“Judge Judy” is ready to rule today in a dispute between two University students over damage to a car during a party near campus this summer.

Paul Wong
Center Josh Moore, along with the rest of the Michigan basketball team, held its first of three open practices to the public on Friday.<br><br>MARJORIE MARSHALL/Daily

LSA junior Julia Koenigsknecht and Business first-year student Matthew Brody will argue their cases before television”s Judge Judith Sheindlin in an episode that airs at 4 p.m. today on Detroit”s WJBK-TV Channel 2.

While attending a party on July 2 at Koenigsknecht”s house, Brody parked his 1998 Volvo S70 in the driveway. Koenigsknecht lives with one of Brody”s friends.

“When I came outside to leave, her SUV was parked touching my back bumper,” Brody said.

“He parked in such a way that he was taking up two spots. I had to pull up as close as possible so my car didn”t get hit from the street,” said Koenigsknecht, who drives a 1992 Ford Explorer.

Both parties admitted that there was a problem and they exchanged phone numbers. Brody promised to call the next day with a complete assessment of the damage.

“I called Julia seven days after the incident occurred. I worked full-time and it took me that long to get an estimate on my car. Additionally, the only Volvo body shop is over 30 minutes away. I think that was actually very fast compared to how long that can usually take,” said Brody.

“When I called her, she said that her dad is a lawyer and told her that I couldn”t prove anything.” He also offers a dated statement sheet of the estimate in his defense.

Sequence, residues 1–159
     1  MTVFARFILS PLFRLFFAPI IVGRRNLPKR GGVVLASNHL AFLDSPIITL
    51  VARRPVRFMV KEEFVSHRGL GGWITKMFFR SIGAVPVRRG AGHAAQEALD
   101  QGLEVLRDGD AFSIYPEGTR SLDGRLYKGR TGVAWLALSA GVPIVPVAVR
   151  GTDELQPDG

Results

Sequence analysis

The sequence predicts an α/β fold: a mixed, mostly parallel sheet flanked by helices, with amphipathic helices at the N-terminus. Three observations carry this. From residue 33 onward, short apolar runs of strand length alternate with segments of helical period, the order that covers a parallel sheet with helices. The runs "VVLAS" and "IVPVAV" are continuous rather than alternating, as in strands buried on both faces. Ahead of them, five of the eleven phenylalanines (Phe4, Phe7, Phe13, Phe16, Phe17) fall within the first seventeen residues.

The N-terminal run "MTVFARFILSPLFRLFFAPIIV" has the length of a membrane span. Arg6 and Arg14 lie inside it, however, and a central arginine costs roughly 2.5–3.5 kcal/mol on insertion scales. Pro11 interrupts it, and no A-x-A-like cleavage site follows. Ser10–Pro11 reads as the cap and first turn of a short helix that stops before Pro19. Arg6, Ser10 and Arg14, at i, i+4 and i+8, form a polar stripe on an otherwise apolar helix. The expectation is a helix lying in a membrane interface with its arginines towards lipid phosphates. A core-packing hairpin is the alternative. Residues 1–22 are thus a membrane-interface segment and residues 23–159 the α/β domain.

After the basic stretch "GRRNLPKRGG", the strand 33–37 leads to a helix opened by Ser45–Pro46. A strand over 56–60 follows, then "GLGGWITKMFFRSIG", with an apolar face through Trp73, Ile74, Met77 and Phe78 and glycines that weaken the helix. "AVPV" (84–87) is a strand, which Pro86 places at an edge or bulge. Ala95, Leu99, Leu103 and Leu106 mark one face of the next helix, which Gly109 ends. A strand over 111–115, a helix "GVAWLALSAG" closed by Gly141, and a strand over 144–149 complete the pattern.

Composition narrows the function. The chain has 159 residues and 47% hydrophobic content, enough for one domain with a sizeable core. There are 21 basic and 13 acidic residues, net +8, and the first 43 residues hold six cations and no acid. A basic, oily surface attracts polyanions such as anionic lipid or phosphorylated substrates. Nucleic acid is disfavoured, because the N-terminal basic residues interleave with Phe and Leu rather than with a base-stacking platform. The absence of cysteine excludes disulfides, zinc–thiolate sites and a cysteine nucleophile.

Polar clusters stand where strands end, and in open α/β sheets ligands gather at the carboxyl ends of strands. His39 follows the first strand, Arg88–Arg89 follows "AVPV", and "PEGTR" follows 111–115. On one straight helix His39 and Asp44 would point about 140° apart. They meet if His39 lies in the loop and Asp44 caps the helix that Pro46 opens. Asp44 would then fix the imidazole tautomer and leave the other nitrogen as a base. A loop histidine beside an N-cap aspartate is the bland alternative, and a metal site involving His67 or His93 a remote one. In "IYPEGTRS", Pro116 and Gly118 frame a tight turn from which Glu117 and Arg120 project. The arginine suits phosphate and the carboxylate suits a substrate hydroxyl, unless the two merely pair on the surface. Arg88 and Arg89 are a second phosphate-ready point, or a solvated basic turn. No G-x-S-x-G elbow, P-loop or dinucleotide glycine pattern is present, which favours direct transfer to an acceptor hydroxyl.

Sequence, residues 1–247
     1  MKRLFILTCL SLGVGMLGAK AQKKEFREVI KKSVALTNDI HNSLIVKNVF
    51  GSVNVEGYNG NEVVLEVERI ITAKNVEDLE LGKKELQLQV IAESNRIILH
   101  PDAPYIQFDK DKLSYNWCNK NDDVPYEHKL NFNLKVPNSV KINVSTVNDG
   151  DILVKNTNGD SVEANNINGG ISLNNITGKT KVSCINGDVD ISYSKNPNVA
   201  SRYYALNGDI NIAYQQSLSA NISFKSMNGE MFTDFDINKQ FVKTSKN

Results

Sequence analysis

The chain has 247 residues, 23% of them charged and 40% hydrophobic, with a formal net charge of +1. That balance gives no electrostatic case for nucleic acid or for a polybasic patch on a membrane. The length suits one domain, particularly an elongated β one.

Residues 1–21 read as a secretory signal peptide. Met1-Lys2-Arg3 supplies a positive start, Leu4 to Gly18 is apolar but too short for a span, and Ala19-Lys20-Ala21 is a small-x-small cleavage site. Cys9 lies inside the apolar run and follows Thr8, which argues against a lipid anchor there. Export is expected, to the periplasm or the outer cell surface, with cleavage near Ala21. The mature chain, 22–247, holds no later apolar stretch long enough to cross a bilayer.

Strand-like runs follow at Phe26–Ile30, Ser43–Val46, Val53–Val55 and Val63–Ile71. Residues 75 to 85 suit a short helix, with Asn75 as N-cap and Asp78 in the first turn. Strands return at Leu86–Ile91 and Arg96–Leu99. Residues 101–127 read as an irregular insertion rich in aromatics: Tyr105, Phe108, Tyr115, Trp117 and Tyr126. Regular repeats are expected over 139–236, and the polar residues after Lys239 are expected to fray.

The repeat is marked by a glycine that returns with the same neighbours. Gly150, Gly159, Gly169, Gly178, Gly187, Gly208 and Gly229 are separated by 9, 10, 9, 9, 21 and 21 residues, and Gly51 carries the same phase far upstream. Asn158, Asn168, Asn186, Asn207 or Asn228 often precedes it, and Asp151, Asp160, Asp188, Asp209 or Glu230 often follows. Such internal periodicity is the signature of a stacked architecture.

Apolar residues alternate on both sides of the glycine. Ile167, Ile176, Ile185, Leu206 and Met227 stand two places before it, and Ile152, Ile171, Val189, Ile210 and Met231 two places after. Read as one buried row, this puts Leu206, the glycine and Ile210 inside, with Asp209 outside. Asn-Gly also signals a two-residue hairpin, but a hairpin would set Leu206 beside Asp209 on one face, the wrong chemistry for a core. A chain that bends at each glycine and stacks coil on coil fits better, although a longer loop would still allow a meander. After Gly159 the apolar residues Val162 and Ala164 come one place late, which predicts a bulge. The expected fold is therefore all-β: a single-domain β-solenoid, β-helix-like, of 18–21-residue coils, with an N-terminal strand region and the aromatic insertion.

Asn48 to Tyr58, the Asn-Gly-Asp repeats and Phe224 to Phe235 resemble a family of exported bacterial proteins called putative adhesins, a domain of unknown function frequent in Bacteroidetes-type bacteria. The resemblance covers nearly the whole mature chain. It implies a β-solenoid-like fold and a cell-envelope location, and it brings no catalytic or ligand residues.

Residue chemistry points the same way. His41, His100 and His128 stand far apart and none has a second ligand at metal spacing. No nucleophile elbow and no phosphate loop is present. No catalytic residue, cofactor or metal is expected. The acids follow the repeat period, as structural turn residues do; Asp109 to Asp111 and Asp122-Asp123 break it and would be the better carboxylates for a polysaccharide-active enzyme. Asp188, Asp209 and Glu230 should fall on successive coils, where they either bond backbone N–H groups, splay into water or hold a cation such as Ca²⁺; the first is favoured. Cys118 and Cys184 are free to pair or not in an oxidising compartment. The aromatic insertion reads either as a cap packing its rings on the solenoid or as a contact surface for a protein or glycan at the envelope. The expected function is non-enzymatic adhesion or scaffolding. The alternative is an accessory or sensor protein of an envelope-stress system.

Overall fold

Koenigsknecht tells things a little differently.

“I didn”t receive a phone call until two weeks later. I had assumed that there was no problem because it took so long for him to get back to me. It came as such a shock to hear from him. Someone else could have made the damage worse,” she said.

“I called my insurance company and they not only agreed with me, but refused to pay for the damages. After two weeks, who knows who could have hit it?”

“Also, when she told me she would pay initially I didn”t think she would argue like this about how long it would take to get the estimate,” Brody said. “Even if it had taken me six months, she would still be legally responsible.”

After filing a claim in Washtenaw County Small Claims Court for $300 in damages, Brody”s brother suggested submitting the story to “Judge Judy.”

“The story was just so ridiculous that I thought it might be fun to try and present it to Judge Judy,” said Brody.

“I was actually happy about the phone call from “Judge Judy,”” said Koenigsknecht.

A few days later, the show”s producers contacted Brody. Both students were invited out to Los Angeles for a taping of the show and permitted to bring one witness each. The episode was taped this summer.

Koenigsknecht and Brody were prepped at the studio and then their case was filmed. Including the post-case interviews, the whole process was relatively brief.

“Judge Judy asked for Matt”s story, and didn”t let me say my side of the story. After that, I just joked on the show. It wasn”t real court it wasn”t conducted in a real way. A real court asks for both sides of the story,” Koenigsknecht said.

Brody admitted Scheindlin was extremely friendly to him but not to Koenigsknecht.

Both students said they enjoyed the perks of the free trip the show gave them.

They received spending money and the show promised to cover the costs for the damages.

Leave a comment

Your email address will not be published. Required fields are marked *